Accurate Determination of the CO2–Brine Interfacial Tension Using Graphical Alternating Conditional Expectation
datasetposted on 17.12.2015, 00:14 by Zhaomin Li, Shuhua Wang, Songyan Li, Wei Liu, Binfei Li, Qi-Chao Lv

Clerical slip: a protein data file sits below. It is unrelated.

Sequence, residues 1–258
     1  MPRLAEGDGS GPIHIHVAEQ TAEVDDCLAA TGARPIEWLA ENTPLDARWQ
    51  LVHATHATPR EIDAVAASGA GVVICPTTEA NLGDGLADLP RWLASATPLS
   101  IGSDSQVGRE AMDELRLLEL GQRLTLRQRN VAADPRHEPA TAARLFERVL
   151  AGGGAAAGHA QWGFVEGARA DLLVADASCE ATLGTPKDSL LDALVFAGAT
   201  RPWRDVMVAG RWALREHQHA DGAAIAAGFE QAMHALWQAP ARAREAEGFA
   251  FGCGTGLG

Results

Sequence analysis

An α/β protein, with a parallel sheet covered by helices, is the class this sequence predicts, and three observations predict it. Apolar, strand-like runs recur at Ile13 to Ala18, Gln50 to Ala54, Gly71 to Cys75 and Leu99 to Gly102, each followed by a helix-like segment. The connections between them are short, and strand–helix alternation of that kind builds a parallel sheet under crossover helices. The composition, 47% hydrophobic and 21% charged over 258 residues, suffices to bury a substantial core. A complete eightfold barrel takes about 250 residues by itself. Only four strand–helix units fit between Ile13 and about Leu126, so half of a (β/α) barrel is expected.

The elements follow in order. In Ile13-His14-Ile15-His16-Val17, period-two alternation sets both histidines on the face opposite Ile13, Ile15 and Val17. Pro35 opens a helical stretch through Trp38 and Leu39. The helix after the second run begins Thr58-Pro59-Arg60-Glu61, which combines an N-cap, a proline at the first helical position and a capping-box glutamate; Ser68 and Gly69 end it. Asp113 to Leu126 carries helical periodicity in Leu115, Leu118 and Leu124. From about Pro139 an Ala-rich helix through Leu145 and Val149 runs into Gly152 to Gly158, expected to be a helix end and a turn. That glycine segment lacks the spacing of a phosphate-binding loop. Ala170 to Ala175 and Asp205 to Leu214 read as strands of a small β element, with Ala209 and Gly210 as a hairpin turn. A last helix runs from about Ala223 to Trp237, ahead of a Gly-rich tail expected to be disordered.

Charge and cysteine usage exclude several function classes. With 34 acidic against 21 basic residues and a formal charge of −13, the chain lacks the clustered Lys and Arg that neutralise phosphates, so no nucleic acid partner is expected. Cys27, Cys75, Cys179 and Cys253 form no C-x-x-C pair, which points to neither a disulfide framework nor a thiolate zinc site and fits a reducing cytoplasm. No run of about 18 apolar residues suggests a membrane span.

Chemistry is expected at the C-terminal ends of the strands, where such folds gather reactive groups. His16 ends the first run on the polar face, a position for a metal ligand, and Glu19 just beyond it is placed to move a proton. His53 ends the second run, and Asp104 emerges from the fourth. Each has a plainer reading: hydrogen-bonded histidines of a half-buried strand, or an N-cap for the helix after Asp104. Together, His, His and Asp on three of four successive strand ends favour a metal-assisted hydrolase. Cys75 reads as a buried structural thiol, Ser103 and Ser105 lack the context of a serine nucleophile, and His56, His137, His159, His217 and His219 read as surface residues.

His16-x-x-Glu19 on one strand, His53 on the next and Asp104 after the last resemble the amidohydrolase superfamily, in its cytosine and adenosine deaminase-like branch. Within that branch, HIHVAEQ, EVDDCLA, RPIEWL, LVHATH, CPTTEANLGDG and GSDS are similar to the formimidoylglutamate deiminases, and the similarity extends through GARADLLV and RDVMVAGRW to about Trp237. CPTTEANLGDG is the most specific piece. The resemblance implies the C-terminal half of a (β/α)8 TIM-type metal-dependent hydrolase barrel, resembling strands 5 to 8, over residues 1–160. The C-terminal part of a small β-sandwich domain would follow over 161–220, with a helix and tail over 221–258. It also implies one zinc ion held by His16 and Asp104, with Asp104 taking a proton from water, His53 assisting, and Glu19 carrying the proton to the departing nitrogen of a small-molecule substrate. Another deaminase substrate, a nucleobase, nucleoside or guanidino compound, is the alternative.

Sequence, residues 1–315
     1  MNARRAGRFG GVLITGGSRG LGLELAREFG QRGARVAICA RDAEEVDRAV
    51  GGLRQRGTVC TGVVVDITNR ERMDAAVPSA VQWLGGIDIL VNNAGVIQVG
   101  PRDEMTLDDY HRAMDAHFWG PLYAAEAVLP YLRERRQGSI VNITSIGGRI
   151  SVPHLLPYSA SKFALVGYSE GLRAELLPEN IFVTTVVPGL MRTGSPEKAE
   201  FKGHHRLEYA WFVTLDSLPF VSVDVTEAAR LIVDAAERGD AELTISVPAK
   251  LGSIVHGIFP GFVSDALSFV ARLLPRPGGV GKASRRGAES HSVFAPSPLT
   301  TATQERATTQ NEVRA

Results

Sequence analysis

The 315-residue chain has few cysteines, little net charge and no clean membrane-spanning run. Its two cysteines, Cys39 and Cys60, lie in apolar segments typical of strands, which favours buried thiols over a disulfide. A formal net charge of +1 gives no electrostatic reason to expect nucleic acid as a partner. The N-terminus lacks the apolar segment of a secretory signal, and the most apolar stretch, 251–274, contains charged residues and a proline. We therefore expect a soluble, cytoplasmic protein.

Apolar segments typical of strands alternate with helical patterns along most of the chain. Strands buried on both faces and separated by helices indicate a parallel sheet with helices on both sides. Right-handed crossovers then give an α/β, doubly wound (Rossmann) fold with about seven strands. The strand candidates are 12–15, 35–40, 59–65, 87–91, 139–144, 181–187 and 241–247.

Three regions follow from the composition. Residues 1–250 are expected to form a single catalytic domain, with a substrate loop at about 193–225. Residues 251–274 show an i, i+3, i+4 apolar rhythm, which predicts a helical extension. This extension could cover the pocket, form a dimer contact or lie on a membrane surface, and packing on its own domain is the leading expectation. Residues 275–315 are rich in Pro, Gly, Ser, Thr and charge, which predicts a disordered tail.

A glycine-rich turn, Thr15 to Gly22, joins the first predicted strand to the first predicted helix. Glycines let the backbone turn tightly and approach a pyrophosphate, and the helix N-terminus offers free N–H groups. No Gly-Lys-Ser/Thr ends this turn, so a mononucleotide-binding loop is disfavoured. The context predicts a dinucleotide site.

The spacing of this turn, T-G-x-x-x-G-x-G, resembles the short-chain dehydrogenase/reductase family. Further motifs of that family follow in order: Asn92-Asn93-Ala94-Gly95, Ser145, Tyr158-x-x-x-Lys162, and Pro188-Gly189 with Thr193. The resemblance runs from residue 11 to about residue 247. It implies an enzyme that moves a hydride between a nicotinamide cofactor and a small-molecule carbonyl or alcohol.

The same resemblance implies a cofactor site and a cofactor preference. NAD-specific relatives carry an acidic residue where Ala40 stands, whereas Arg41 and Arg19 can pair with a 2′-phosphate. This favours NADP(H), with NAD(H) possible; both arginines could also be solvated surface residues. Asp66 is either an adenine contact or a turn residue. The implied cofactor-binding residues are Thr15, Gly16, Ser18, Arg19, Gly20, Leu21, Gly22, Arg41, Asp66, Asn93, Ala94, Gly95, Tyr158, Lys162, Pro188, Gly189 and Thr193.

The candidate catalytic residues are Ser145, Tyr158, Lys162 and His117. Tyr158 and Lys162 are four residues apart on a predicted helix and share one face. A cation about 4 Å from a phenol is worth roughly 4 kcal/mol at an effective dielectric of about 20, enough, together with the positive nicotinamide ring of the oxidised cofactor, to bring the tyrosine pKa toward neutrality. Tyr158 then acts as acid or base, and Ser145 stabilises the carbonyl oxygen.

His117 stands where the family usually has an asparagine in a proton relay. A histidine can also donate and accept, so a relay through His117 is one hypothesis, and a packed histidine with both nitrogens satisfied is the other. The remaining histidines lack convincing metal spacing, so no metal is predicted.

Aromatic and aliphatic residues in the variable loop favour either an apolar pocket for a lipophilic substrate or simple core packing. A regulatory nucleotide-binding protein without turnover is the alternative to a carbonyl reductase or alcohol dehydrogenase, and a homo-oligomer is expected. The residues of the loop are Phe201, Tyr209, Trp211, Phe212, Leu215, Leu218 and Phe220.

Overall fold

A newly developed CO2–brine interfacial tension (IFT) correlation based on the alternating condition expectation (ACE) algorithm has been successfully proposed to more accurately estimate the CO2–brine IFT for a wide range of reservoir pressure, temperature, formation water salinity and injected gas composition. The new CO2–brine correlation is expressed as a function of reservoir pressure, temperature, monovalent cation molalities (Na+ and K+), bivalent cation molalities (Ca2+ and Mg2+), N2 mole fraction and CH4 mole fraction in injected gas. This prediction model is originated from a CO2–brine IFT database from the literature that covers 1609 CO2–brine IFT data for pure and impure CO2 streams. To test the validity and accuracy of the developed CO2–brine IFT model, the entire dataset was divided into two groups: a training database consisting of 805 points and a testing dataset consisting of 804 points, which was arbitrarily selected from the total database. To further examine its predicted capacity, the new CO2–brine IFT correlation is validated with four commonly used pure CO2–pure water IFT correlations in the literature, it is found that the new CO2–brine IFT correlation provides the comprehensive and accurate reproduction of the literature pure CO2–pure water IFT data with an average absolute relative error (% AARE) of 12.45% and standard deviation (% SD) of 18.57%, respectively. In addition, the newly developed CO2–brine IFT correlation results in the accurate prediction of the CO2–brine IFT with a % AARE of 10.19% and % SD of 13.16%, respectively, compared to two CO2–brine IFT correlations. Furthermore, sensitivity analysis was performed based on the Spearman correlation coefficients (rank correlation coefficients). The major factor influenced on the CO2–brine IFT is reservoir pressure, which has a major negative impact on the CO2–brine IFT. In contrast, the effects of CO2 impurities and salt components in the water on the CO2–brine IFT are in the following order in terms of their positive impact: bivalent cation molalities (Ca2+ and Mg2+), CH4, N2, and monovalent cation molalities (Na+ and K+).